• For code in Java or Scala:

    com.snowflake:snowpark:<version>
    
  • For code in Python:

    snowflake-snowpark-python==<version>
    

where version is the version number. To specify the latest version:

  • For Java or Scala, specify latest.

  • For Python, omit the version number.

    Note

    Specify a version that is at least the minimum supported version or higher:

    • For Java, specify the version 1.3.0 or later.

    • For Python, specify the version 0.4.0 or later.

    • For Scala, specify the version 1.1.0 or later.

      Snowflake supports using Snowpark version 0.9.0 or later in a Scala stored procedure. Note, however, that these versions have limitations. For example, versions prior to 1.1.0 do not support the use of transactions in a stored procedure.

For the list of supported packages and versions, query the INFORMATION_SCHEMA.PACKAGES view for rows, specifying the language. For example:

select * from information_schema.packages where language = '<language>';

where language is java, python, or scala.

HANDLER = 'fully_qualified_method_name'

  • For Python, use the name of the stored procedure’s function or method. This can differ depending on whether the code is in-line or referenced at a stage.

    • When the code is in-line, you can specify just the function name, as in the following example:

      CREATE OR REPLACE PROCEDURE MYPROC(from_table STRING, to_table STRING, count INT)
        ...
        HANDLER = 'run'
      AS
      $$
      def run(session, from_table, to_table, count):
        ...
      $$;
      
    • When the code is imported from a stage, specify the fully-qualified handler function name as <module_name>.<function_name>.

      CREATE OR REPLACE PROCEDURE MYPROC(from_table STRING, to_table STRING, count INT)
        ...
        IMPORTS = ('@mystage/my_py_file.py')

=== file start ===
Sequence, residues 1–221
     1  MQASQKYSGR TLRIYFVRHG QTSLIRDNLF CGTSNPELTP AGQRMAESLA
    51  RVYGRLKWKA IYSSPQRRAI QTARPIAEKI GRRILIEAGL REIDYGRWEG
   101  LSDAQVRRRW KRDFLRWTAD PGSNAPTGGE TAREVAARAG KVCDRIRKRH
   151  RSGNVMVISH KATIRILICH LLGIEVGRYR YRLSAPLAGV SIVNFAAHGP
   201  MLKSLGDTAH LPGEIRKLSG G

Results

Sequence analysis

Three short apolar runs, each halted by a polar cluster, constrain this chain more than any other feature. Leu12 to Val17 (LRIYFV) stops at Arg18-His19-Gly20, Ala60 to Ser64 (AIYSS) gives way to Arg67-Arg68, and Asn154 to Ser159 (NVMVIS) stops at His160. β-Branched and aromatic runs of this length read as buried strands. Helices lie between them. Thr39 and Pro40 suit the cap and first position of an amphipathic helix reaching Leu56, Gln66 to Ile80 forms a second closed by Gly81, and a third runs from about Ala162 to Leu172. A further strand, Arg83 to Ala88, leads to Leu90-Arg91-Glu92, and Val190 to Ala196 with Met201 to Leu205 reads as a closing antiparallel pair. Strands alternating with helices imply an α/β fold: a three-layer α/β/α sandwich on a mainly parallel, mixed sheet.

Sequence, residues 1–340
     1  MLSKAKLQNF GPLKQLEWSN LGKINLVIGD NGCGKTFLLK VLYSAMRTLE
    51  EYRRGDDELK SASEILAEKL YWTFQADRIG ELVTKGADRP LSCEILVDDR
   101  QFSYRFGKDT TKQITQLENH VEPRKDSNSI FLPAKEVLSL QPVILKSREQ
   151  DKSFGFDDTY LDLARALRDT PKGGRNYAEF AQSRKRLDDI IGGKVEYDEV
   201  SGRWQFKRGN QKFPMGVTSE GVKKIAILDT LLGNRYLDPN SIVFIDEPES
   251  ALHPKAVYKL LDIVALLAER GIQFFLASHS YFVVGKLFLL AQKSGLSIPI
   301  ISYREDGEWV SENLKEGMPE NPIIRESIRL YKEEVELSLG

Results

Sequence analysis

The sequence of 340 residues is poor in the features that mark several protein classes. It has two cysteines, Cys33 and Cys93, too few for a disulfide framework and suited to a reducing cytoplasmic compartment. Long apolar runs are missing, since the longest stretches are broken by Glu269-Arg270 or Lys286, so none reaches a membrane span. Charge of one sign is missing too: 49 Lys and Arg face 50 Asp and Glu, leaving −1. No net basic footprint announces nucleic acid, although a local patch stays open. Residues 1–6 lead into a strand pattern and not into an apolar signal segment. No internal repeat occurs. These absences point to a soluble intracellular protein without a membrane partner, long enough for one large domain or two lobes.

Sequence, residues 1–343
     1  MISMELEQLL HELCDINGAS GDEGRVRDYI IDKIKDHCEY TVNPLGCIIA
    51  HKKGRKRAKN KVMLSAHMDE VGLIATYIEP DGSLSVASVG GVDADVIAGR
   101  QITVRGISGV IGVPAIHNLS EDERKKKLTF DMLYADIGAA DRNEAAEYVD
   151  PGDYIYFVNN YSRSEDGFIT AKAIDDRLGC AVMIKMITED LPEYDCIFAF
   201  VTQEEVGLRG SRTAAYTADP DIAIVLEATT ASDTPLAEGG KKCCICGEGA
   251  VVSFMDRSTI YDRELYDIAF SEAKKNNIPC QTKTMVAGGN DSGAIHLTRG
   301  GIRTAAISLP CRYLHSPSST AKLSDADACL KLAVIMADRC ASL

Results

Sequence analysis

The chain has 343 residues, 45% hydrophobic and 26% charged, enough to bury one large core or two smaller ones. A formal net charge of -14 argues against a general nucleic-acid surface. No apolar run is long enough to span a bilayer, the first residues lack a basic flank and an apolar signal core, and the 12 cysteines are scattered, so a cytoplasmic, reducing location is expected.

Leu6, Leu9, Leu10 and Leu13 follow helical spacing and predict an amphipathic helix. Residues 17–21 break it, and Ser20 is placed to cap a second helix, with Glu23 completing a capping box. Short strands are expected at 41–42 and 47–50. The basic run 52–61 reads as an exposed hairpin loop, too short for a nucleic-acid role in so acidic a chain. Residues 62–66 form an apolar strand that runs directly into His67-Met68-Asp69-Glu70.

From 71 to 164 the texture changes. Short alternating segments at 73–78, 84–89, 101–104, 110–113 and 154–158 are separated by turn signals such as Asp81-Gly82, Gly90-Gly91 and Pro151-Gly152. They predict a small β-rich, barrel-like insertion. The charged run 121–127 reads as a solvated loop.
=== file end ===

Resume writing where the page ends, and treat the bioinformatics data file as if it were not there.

HANDLER = 'my_py_file.run';
      
  • For Java and Scala, use the fully qualified name of the method or function for the stored procedure. This is typically in the following form:

    com.my_company.my_package.MyClass.myMethod
    

    where:

    com.my_company.my_package
    

    corresponds to the package containing the object or class:

    package com.my_company.my_package;
    

Optional Parameters

All Languages

[ [ NOT ] NULL ]

Specifies whether the stored procedure can return NULL values or must return only NON-NULL values.

The default is NULL (i.e. the stored procedure can return NULL).

CALLED ON NULL INPUT or . RETURNS NULL ON NULL INPUT | STRICT

Specifies the behavior of the stored procedure when called with null inputs. In contrast to system-defined functions, which always return null when any input is null, stored procedures can handle null inputs, returning non-null values even when an input is null:

  • CALLED ON NULL INPUT will always call the stored procedure with null inputs. It is up to the procedure to handle such values appropriately.

  • RETURNS NULL ON NULL INPUT (or its synonym STRICT) will not call the stored procedure if any input is null, so the statements inside the stored procedure will not be executed. Instead, a null value will always be returned. Note that the procedure might still return null for non-null inputs.

Default: CALLED ON NULL INPUT

VOLATILE | IMMUTABLE

Deprecated

Attention

These keywords are deprecated for stored procedures. These keywords are not intended to apply to stored procedures. In a future release, these keywords will be removed from the documentation.

COMMENT = 'string_literal'

Specifies a comment for the stored procedure, which is displayed in the DESCRIPTION column in the SHOW PROCEDURES output.

Default: stored procedure

EXECUTE AS CALLER or . EXECUTE AS OWNER

Specifies whether the stored procedure executes with the privileges of the owner (an “owner’s rights” stored procedure) or with the privileges of the caller (a “caller’s rights” stored procedure):

  • If you execute the statement CREATE PROCEDURE ... EXECUTE AS CALLER, then in the future the procedure will execute as a caller’s rights procedure.

  • If you execute CREATE PROCEDURE ... EXECUTE AS OWNER, then the procedure will execute as an owner’s rights procedure.

By default (if neither OWNER nor CALLER is specified explicitly at the time the procedure is created), the procedure runs as an owner’s rights stored procedure.

Owner’s rights stored procedures have less access to the caller’s environment (for example the caller’s session variables), and Snowflake defaults to this higher level of privacy and security.

For more information, see Understanding Caller’s Rights and Owner’s Rights Stored Procedures.

Default: OWNER

Snowpark (Java, Python, or Scala)